Mekdad discussed with Pedersen and the accompanying delegation the latest developments pertaining to his mission in Syria, an official Syrian statement said.

Mekdad highlighted the major challenges facing Syria, and the catastrophic impact that terrorism has left on the country. He also highlighted the “illegal” presence of US and Turkish forces on Syrian territory, according to the statement.

Unnamed sources in Damascus told Asharq Al-Awsat that Pedersen seeks to set a new date for the stalled talks to reach a political settlement in Syria — including Syrian government representatives rewriting a constitution with a delegation representing opposition groups and civil society activists.

Days before his visit to Damascus, Pedersen discussed the Syrian matter via a video call with Ali Asghar Khaji, the Iranian foreign minister’s senior advisor for special political affairs.

The two sides stressed the need to find a solution for the crisis in Syria through political dialogue, and the need to solve humanitarian matters and to return the displaced Syrians back to their homeland.

The Iranian minister said that economic sanctions on Syria must be lifted as soon as possible, and international assistance must be provided to the war-torn country and to the Syrian refugees through humanitarian aid.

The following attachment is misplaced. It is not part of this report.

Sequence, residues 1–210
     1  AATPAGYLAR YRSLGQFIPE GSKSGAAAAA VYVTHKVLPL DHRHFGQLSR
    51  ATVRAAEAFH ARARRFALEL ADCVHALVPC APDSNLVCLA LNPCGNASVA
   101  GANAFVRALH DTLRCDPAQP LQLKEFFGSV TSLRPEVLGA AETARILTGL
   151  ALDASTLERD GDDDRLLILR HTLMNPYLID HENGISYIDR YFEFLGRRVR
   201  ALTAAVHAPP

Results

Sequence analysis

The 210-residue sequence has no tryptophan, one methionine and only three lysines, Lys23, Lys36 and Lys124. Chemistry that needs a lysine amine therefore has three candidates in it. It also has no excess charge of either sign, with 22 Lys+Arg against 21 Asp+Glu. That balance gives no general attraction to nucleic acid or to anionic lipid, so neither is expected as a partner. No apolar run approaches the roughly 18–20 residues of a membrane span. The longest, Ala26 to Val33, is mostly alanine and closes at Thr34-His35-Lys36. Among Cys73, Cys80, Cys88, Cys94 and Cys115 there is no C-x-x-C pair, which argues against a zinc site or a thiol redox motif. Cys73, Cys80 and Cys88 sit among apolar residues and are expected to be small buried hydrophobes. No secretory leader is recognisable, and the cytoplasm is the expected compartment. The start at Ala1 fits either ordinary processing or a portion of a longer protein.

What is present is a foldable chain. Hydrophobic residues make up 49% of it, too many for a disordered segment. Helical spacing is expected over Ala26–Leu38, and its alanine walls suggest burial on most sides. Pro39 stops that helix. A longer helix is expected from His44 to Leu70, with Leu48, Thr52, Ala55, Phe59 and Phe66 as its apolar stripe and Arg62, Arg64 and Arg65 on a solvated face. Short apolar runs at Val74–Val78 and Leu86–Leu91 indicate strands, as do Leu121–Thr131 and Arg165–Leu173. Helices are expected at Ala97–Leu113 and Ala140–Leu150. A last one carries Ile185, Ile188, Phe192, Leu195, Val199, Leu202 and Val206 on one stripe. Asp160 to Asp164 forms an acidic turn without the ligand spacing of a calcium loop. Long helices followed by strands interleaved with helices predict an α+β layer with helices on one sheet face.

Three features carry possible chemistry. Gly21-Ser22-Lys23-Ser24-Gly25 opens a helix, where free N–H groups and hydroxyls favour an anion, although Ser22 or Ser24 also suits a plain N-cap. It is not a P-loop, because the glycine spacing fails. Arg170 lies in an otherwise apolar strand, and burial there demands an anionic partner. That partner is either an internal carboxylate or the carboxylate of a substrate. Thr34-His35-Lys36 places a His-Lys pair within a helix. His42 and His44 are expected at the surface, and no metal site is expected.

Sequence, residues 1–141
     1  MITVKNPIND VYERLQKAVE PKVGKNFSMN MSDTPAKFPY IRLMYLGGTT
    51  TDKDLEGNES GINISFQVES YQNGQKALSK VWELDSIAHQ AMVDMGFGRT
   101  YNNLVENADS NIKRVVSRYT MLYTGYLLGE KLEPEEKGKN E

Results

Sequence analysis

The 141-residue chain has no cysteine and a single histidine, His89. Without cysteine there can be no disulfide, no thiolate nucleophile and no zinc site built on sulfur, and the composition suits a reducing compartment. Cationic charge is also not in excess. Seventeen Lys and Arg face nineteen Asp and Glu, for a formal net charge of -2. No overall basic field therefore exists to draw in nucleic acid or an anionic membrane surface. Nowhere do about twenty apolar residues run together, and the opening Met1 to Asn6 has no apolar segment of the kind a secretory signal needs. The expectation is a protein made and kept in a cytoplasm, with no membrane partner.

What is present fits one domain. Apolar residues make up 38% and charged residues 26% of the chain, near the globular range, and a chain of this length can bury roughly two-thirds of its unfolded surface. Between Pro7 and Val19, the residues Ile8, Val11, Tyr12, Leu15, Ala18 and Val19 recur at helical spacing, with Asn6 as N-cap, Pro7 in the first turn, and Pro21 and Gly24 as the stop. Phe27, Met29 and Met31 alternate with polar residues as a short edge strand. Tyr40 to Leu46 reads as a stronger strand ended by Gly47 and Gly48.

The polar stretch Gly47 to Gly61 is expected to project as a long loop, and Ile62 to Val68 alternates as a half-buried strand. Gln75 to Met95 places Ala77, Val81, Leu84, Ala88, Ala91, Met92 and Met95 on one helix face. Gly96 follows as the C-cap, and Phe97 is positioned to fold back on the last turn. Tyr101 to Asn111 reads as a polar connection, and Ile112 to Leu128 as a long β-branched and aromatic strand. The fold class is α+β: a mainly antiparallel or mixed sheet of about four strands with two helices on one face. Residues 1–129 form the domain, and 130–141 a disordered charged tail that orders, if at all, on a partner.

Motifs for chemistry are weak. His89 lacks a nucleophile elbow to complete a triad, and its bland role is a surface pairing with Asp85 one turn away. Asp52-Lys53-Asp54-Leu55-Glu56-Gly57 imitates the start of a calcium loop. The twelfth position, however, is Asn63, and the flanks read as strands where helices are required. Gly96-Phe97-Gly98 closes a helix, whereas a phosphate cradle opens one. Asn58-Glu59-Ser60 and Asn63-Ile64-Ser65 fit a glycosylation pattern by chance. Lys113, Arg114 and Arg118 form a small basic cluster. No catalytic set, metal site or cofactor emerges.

In August, Pedersen, at the Security Council meeting, expressed concern about the economic situation in Syria.

“The tragic reality is that, for as long as violent conflict continues, and the political process is blocked, the suffering of the Syrian people will simply get worse. Syria cannot fix its economy while it is in a state of conflict. And this applies to the many other crises that ravage Syria,” he had said.

He stressed that moving towards implementing Security Council resolution 2254 is the only way to begin addressing the many crises afflicting Syria.

Syrian President Bashar Assad’s decision last month to double public sector wages and pensions further skyrocketed inflation and fueled ongoing protests that shook the southern Druze-majority province of Sweida and nearby Daraa.

Initially sparked by deepening economic misery, angry residents in greater numbers began to call for the fall of Assad, similar to that of the country’s 2011 uprising that turned into an all-out civil war.

The UN estimates that 90% of Syrians in government-held areas live in poverty and that over half the country’s population struggles to put food on the table.

U.S. should replicate the Iraqi awakening in northeast Syria